Ed Isaacson of NBADraftBlog.com contributed to this post.
Jae Crowder is Marquette’s most important player, and based on the fact that he won Big East Player of the Year of Kevin Jones, the West Virginia power forward that led the conference in scoring and rebounding, I don’t think it’s a stretch to say that he was the most important player in the league.
The problem is that most people don’t understand that. They don’t see what he provides this team beyond the box score. (And he gives the box score plenty, averaging 17.4 ppg, 8.1 rpg, 2.1 apg, 2.5 spg and 1.0 bpg while shooting 35.3% from three.) They don’t see why he is going to be the most difficult matchup when No. 7 Florida takes the against the third-seeded Golden Eagles on Thursday night.
What makes Crowder so dangerous is his ability to play multiple positions on the floor. He’s big and strong enough to finish around the rim and make a move in the post when he has a smaller defender on him, but his quickness, mobility and skill with the ball allows him to play on the perimeter when he has a power forward (which is the norm, he plays the four for Marquette) guarding him.
It goes beyond the simple ability to make a play on the perimeter. Take a look at this example from the Golden Eagle’s opening round game with BYU. You’ll see Junior Cadougan running off of a high ball-screen set by Jamil Wilson. Crowder is in the far corner:
Cadougan is able to turn the corner on the screen and get all the way to the rim in large part because Noah Hartsock, BYU’s power forward that was guarding Crowder, was late to help. He couldn’t leave Crowder open:
Erik Murphy is likely going to be given the task of guarding Crowder, at last early in the game. It will be interesting to see if he can keep up with Crowder 20 feet from the basket.
That is far from the only area that Crowder contributes to Marquette’s offensive attack. The Golden Eagles love to get out an run. They are 16th nationally in pace, according to Kenpom, with 21.3% of their possessions coming in transition. Only two teams in the country (Iona and Alabama A&M) have a higher percentage of possessions in transition.
There are a couple of ways Crowder adds to Marquette’s ability to run. The first is, well, his ability to run. In this example, you’ll see Crowder guarding Tyler Olander of UConn, who is setting a ball-screen for Jeremy Lamb:
Lamb ends up driving and finishing a layup, but notice the clock and look at where Crowder (No. 32) is located is relation to Olander (No. 10 in white) and Andre Drummond (No. 12 in white):
Crowder beat them both down the floor for a layup and an immediate answer to Lamb’s basket:
Marquette’s ability to score quickly can be demoralizing for an opponent. When their transition game is working well, a misstep defensively and you get burned. Here, you see Crowder — who was playing safety in Marquette’s press — grab a rebound in traffic at one end of the floor. Notice the time on the clock:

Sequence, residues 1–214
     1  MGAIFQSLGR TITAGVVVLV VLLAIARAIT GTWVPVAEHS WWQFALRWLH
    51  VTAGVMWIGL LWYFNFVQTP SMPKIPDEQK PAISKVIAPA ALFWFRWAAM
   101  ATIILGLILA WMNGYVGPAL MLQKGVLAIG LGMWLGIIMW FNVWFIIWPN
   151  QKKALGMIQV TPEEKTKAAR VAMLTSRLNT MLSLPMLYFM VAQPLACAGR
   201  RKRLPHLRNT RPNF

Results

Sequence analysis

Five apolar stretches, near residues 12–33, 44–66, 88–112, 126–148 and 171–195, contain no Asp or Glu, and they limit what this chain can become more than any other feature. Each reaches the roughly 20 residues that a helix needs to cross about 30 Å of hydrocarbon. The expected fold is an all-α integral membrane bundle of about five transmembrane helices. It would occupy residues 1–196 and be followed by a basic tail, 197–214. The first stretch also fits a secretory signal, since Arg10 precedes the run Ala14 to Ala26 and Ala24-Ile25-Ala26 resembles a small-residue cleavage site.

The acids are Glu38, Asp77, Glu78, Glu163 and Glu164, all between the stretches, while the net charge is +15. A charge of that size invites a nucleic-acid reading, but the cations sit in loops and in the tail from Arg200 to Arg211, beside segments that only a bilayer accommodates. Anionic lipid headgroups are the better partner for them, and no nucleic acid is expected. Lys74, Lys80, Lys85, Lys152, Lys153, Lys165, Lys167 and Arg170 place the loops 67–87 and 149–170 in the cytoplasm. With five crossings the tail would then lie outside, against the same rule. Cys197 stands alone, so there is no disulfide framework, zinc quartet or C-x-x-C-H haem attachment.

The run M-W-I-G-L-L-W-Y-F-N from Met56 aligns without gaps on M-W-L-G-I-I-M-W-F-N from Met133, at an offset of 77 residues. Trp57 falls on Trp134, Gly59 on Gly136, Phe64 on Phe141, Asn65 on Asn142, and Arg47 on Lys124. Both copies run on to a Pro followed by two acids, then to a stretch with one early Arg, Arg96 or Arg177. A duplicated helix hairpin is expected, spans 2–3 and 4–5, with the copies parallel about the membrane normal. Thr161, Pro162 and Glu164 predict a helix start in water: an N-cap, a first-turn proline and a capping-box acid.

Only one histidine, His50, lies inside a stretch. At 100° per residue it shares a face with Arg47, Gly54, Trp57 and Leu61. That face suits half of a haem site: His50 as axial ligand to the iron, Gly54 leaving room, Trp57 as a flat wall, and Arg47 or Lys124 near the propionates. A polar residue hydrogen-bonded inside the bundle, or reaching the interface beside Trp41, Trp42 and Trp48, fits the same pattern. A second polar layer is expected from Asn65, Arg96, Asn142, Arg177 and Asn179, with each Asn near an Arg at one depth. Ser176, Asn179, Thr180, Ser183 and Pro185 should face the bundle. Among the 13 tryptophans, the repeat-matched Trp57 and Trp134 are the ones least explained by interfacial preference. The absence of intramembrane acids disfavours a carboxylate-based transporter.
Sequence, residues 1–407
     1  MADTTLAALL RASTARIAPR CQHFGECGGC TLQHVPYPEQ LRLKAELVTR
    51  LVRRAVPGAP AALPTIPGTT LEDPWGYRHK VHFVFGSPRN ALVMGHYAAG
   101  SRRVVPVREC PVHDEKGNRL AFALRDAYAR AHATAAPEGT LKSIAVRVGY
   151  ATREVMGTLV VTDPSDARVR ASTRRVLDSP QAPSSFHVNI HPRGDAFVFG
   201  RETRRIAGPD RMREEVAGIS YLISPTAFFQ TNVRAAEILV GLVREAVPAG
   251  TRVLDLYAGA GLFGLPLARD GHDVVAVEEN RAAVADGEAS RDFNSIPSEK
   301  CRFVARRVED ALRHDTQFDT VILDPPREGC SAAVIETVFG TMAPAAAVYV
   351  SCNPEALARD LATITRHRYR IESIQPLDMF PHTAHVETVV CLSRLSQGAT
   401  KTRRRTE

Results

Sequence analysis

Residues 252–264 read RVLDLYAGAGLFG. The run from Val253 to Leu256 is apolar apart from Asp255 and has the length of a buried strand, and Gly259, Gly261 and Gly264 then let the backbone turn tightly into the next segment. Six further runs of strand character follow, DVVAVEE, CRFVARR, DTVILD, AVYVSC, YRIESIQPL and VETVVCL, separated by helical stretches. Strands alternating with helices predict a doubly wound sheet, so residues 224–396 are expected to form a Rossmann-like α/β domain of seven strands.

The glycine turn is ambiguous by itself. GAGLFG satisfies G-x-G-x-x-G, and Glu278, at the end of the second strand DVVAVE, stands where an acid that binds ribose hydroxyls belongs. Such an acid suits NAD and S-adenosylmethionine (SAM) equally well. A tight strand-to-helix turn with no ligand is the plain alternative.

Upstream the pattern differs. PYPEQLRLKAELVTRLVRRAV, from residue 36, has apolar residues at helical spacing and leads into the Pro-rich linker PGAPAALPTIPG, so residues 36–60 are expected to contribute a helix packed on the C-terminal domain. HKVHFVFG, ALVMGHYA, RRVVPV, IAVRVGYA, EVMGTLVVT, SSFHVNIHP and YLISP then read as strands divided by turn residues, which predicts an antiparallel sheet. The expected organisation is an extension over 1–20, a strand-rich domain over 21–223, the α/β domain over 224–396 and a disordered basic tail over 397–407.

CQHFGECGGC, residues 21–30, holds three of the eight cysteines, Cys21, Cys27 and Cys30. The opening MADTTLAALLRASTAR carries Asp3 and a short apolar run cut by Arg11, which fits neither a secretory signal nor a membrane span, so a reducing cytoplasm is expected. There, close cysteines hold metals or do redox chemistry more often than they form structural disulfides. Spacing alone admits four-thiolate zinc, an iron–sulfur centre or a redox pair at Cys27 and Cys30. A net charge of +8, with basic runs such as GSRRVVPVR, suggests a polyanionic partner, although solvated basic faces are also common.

Crowder throws a picture-perfect outlet pass to Cadougan — in stride as he heads the other direction:
And in just five seconds, Wilson is finishing a lob at the other end of the floor:
It happens that quickly. Even when he’s barely involved in the play, Crowder plays a huge role in Marquette’s ability to get up and down the floor.
The other part of Crowder’s game and deserves to be noted is his versatility defensively. He can defend in the paint and he can guard on the perimeter. In this example, you’ll see Crowder win the battle for position with BYU’s Brandon Davies on one side of the court:
He then wins the battle again on the other side of the floor, forcing BYU’s star center to catch the ball 18 feet from the rim:
When Davies tries to back Crowder down, he “pulls the chair” — he steps back so Davies momentum makes him fall — and creates a turnover:
But as you can see in this example, Crowder can keep the quickest guards in the country in front of him as well. Here, you see Crowder step up and stop the head of steam that UConn’s Ryan Boatright had in transition:
Boatright realizes he has a power forward on him, so he pulls the ball out and tries to dribble by Crowder:
But Crowder is quick enough laterally that Boatright is forced to take, and miss, a tough, step-back jumper:
Florida is going to have to pick their poison when it comes to Crowder. He will be able to defend anyone that they can throw at him at the four spot. Crowder is also the reason that Florida’s mismatch — Murphy, who is a 6’10” sharpshooter at the power forward spot — will be nullified. Crowder can help and recover onto Murphy like he’s guard, but Murphy won’t be able to take advantage of the matchup in the paint. Using freshman Bradley Beal likely won’t be all that much better. Beal will be overwhelmed by Crowder in the paint without being able to blow-by him on the perimeter.
It’s amazing. Crowder can single-handedly ruin the way that Florida’s offensive attack creates matchup problems.
And you wonder why he’s so valuable?
Rob Dauster is the editor of the college basketball website Ballin’ is a Habit. You can find him on twitter @robdauster.